The only candidate other than Santorum, Romney, and Paul to carry any county was Perry. He won in both Taylor and Union Counties, two southern Iowa entities that border each other.

Once again, it has been proved that a candidate who travels the state and works in a grassroots, one-on-one fashion can score big in the Iowa Caucuses. Santorum understood that and adopted this strategy well. Moving to the larger states like Florida and California, where such campaigning is virtually impossible, will prove more daunting.

Santorum is clearly the big story coming out of Iowa. But what is also clear is that this race has a long way to go.

The Iowa Debate and Vote

Last night, the eight announced Republican presidential candidates faced each other in the third nationally televised debate – a largely mundane affair interspersed with a clever line or two – this time on the campus of Iowa State University. The forum is part of the Iowa Straw Poll (ISP) event scheduled to culminate with actual citizen voting on Saturday.

The ISP has become a major media event on the presidential campaign trail because it is the first time that thousands of people actually participate in a voting event. Though straw polls are commonly held at organizational and state political party meetings, the Iowa function is unique because actual GOP voters have the opportunity of attending and casting a ballot for the candidate of their choice. In the past, as many as 30,000 people have come to the state fair-like event, where candidates have large outdoor promotion areas and provide food and entertainment to the masses, to register their vote.

At its high point, when previous campaigns were running on all cylinders in the early phase of the race – unlike this time where as many as three potential top-tier candidates haven’t even yet formally declared – candidates would actually fly voters in from all around the country to participate. Now the party rules prohibit such acts, limiting voting eligibility to Iowa registered voters.

The Straw Poll event is the first real test of the candidates’ organizational ability. Charging the candidates thousands of dollars to participate by buying Iowa Republican Party lists of previous Caucus and Straw Poll attendees and entry fees for every person coming to the event (in virtually all cases, paid for by the campaigns) the fundamental purpose of the Iowa Straw Poll is that of a major fundraiser for the state GOP. The money is then used for general election party building activities that the eventual Republican presidential nominee will need to capture the state in the general election. Iowa, as one of four true swing states for the general election – New Hampshire, New Mexico, and Nevada are the others – could be a deciding state in November 2012 even though it only carries six Electoral Votes.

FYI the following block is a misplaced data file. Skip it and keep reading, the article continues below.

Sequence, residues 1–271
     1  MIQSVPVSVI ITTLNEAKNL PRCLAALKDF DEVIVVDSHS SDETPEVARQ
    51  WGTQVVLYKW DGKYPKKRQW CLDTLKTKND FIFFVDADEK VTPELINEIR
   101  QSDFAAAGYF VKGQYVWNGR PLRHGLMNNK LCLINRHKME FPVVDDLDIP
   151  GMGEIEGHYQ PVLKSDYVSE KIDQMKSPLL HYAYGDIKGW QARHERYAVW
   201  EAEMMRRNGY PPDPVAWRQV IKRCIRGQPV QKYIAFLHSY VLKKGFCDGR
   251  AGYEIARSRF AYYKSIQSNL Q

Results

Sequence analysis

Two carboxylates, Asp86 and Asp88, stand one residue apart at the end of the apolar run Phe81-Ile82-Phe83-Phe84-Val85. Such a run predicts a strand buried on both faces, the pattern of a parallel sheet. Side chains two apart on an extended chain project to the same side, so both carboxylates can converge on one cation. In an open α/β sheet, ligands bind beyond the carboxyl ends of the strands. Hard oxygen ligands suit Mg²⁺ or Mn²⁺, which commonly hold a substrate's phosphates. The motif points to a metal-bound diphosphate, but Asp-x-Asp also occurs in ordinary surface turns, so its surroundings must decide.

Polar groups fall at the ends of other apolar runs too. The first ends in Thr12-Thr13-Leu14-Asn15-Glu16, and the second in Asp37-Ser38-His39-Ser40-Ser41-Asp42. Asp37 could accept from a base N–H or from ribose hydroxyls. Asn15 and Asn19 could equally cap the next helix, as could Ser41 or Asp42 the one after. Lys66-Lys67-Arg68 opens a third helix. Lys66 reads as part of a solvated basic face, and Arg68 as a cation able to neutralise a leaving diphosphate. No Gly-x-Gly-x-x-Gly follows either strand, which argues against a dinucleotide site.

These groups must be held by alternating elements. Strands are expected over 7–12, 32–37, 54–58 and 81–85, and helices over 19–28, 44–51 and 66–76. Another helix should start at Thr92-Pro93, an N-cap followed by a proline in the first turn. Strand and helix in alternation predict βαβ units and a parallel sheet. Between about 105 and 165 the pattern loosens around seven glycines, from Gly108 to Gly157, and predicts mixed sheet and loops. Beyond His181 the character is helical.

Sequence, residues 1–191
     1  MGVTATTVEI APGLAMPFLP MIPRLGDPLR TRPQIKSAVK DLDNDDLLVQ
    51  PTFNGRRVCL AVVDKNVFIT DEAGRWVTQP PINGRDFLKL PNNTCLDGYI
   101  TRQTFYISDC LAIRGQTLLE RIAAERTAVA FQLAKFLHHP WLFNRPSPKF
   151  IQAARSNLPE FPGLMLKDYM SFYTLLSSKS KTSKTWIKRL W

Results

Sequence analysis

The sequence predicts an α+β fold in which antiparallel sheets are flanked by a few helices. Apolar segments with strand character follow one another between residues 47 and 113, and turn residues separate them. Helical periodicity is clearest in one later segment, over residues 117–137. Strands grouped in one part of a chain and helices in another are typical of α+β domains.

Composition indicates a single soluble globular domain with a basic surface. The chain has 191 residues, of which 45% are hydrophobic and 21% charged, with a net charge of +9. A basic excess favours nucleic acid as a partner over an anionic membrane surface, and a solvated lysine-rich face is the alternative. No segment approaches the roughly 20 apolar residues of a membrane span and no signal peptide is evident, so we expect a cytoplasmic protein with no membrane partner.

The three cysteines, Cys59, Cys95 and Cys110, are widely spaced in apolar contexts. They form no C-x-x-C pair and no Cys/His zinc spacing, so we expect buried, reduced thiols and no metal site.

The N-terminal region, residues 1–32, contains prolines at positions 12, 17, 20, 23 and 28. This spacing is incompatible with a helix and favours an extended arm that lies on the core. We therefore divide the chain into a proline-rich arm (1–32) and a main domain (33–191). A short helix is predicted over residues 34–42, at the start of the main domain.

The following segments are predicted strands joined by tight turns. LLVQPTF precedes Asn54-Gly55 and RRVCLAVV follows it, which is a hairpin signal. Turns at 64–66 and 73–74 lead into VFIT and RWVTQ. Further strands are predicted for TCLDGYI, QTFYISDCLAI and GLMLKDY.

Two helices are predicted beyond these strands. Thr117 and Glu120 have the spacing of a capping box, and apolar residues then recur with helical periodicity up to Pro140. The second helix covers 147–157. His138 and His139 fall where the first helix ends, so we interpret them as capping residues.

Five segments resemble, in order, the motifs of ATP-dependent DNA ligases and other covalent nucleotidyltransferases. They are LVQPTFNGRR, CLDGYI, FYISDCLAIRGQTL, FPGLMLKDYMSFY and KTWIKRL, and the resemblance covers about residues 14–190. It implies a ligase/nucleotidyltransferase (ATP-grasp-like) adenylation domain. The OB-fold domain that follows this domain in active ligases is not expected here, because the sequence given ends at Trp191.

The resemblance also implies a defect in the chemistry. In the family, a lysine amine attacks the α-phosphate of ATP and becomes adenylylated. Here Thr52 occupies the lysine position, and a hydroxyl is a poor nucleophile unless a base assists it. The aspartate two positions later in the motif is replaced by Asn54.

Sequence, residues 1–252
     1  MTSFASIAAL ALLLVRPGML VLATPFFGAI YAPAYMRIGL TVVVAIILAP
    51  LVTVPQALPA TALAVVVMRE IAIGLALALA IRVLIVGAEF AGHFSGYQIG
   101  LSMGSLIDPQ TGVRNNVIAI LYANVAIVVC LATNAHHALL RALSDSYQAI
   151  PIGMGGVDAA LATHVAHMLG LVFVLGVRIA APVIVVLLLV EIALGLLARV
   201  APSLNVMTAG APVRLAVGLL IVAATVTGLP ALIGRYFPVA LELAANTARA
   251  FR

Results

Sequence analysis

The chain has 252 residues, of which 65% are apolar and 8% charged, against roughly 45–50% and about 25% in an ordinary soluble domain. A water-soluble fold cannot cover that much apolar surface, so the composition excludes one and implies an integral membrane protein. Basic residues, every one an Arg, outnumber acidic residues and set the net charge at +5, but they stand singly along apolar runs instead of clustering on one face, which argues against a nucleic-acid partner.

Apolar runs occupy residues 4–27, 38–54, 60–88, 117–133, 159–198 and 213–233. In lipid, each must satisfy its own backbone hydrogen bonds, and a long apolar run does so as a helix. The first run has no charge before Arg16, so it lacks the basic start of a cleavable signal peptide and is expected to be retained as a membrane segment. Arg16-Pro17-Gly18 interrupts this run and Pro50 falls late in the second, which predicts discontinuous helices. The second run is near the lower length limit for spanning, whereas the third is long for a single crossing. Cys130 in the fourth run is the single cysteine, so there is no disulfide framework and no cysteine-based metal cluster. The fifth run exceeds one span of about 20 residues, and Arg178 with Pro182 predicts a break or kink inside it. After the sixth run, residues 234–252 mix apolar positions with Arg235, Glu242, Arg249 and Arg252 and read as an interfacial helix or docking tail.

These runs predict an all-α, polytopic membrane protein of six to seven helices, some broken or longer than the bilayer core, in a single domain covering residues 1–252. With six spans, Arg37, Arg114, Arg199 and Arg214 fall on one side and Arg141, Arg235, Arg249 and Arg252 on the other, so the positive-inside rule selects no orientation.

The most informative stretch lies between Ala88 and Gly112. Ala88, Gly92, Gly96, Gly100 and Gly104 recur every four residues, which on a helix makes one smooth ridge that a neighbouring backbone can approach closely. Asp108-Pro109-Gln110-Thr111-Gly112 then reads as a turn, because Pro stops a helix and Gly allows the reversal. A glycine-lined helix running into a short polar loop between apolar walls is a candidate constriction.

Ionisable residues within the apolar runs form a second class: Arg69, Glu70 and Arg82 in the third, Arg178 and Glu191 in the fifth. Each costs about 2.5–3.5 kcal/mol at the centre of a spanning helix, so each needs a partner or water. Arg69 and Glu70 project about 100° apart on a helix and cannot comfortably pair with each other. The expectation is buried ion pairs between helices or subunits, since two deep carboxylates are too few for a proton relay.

The result of this particular Iowa Straw Poll event is likely to be inconclusive. With attendance projected to be closer to 10,000 than 30,000, the event is missing the participation of the early front-runner and 2007 Straw Poll winner, former Massachusetts Gov. Mitt Romney. Though Mr. Romney participated in last night’s debate, his campaign decided to bypass actively participating in the actual ISP voting. As mentioned, he won the event in ’07 but fell in the actual Iowa Caucuses to former Arkansas Gov. Mike Huckabee in what proved to be an upset. The Romney campaign never recovered from his Iowa Caucus loss because expectations, largely drawn from his Straw Poll performance, were set too high.

Some question the Romney strategy for the 2011 ISP. Not participating means a sure loss at the event, and possibly a poor performance, though his campaign apparatus is still quietly organizing supporters to attend and vote since the Iowa Republican Party leaders included his name on the ballot anyway; but he will be able to brush off any such result by simply saying he didn’t participate. Texas Gov. Rick Perry, making his first public indication that he will become a candidate at the Red State Gathering event earlier Saturday in Charleston, SC, will also steal some of the luster from whichever candidate wins the Straw Poll later that afternoon.

The emergence of Rep. Michele Bachmann (R-MN-6) as a top-tier candidate and favorite to win the straw poll may damage Romney and prove his strategic decision to skip the event was a mistake. Bachmann is becoming a national presence and a victory at the ISP will codify her standing as a top-tier presidential candidate. The other favorite and potential straw poll winner, Rep. Ron Paul (R-TX-14), is a second-tier candidate who is not positioned to go very far in the national campaign. Minnesota former Gov. Tim Pawlenty, who was once viewed as the early favorite for the ISP and the actual Iowa Caucus vote, is probably a distant third-place finisher at best.

The Iowa Straw Poll event does signify the official beginning of the presidential campaign. With Saturday crowning a straw poll winner and another major candidate making it clear that he is in the race, the 2012 presidential campaign is beginning to take shape. Tomorrow, the official starting gun sounds.